Yesterday, the Bishops of this country received word through our Conference President, Cardinal Francis George, that we have received the official text of the English translation of the Roman Missal, third edition.

For the first time since the transition from the Latin texts to English following the Second Vatican Council in the late 60s and early 70s, we have seen in recent years a new translation of the original Latin prayers used for our celebration of the Eucharist.  Even though we have grown quite accustomed to and comfortable with the prayers used in our celebration of the Eucharist, we will begin using these new prayers on the First Sunday of Advent, November 27, 2011.

It is my understanding that these new translations will provide for the first time, a single English translation of the Roman Missal for all English speaking countries.  This will no doubt be a change for all of us, priest presiders and lay people.  Change always carries with it a bit of struggle, but I believe there is a great opportunity before us as we begin to prepare ourselves for these new translations.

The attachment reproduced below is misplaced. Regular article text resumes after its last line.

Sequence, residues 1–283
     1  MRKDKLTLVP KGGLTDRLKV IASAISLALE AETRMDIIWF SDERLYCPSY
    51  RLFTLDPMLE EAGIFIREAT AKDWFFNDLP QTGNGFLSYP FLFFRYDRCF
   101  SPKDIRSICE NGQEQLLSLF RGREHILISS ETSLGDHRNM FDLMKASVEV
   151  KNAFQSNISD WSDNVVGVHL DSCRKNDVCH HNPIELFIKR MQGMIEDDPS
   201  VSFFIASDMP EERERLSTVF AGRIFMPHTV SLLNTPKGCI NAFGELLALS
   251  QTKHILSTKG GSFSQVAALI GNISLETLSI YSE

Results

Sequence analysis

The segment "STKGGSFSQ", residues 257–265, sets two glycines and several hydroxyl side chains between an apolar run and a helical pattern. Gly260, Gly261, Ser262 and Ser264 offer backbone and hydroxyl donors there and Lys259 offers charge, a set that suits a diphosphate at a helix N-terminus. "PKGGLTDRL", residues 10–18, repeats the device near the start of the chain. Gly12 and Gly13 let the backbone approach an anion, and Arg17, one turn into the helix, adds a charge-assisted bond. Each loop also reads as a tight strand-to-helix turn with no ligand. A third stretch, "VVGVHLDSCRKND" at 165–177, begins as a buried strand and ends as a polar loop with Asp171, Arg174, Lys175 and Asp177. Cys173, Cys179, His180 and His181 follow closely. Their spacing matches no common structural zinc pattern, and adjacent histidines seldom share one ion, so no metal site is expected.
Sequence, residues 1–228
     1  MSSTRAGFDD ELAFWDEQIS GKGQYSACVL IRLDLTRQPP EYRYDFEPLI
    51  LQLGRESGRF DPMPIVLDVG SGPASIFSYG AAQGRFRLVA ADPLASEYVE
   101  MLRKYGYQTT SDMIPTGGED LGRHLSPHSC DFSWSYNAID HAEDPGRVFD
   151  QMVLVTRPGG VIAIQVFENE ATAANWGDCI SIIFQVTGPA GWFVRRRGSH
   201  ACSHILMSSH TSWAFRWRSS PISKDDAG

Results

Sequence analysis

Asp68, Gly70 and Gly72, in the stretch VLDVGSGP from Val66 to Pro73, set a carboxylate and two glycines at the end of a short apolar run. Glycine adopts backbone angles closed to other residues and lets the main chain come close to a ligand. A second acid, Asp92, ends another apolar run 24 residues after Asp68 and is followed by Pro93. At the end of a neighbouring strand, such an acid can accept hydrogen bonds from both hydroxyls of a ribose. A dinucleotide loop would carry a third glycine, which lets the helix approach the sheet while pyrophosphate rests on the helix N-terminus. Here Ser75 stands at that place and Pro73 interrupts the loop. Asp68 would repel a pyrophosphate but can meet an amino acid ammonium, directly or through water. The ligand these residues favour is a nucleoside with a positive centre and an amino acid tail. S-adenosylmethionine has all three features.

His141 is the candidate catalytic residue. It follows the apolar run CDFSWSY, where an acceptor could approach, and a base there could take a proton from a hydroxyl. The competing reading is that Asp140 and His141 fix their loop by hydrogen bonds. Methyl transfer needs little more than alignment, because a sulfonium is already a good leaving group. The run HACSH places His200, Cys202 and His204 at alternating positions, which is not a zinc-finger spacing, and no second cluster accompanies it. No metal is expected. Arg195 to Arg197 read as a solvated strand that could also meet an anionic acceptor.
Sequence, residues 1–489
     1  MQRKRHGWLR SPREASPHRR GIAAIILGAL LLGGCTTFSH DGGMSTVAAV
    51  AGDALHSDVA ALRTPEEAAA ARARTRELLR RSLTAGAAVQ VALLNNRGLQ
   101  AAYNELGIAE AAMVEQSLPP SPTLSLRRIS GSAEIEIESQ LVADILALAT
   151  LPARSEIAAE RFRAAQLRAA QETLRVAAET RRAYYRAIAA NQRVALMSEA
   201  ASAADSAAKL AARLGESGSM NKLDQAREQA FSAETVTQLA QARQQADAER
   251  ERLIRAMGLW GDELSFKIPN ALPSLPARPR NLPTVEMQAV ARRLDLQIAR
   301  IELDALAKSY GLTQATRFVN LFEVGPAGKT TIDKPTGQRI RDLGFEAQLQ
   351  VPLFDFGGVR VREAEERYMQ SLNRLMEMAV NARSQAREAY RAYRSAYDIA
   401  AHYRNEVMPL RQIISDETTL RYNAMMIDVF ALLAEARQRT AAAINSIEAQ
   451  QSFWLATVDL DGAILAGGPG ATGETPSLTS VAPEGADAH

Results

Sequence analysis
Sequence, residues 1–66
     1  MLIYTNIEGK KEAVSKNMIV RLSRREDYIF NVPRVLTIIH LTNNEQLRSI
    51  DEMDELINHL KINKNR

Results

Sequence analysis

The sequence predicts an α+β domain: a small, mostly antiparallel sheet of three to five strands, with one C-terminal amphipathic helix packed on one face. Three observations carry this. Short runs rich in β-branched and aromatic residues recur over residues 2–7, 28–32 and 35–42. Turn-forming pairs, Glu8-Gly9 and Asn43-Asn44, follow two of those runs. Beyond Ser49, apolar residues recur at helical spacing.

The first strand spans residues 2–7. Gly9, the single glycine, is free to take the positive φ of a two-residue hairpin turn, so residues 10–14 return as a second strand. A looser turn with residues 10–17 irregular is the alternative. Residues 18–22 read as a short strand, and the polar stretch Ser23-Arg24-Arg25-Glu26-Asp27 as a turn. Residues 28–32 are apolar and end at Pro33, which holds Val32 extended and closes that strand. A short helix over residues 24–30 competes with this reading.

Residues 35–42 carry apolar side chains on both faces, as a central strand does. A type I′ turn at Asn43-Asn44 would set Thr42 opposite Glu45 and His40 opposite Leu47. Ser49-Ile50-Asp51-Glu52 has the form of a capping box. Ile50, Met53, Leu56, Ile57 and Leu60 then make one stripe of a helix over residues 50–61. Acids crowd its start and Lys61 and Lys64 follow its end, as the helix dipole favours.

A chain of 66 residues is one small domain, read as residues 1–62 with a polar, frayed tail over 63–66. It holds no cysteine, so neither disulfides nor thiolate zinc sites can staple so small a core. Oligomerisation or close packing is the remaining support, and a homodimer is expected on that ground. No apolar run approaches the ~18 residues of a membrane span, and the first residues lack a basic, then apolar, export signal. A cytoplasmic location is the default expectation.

Even though some of our prayers will now include new terms and phrases, which will be awkward for a time, these new ways of praying also provide a moment of grace to gain new insights, and perhaps a greater sense of appreciation for the great gift we share in the Eucharist. This is  a perfect time for us not only to prepare for the new translation, but to reinvigorate our celebration of the Eucharist.   As we prepare for the implementation of the new translation of the Roman Missal, perhaps it is a good time to also pray for the grace to receive this Missal with open hearts and open minds.

Anyone who has followed this issue in recent years knows that it has met with some opposition.  Some ask why?  Some say there are more important issues facing the Church than the language we use in prayer.  Regardless of the concerns and arguments, whether they have “traction” or not, we are now being asked to embrace this new reality.  The Eucharist is the source of unity in the Church.  Let’s prayerfully remember it is Christ Who speaks to us through the Church, as well as through Word and Sacrament.  Let us open our hearts and minds to Christ, and cast aside all fear, and trust in the good things God has in mind with this next chapter of our universal journey of faith.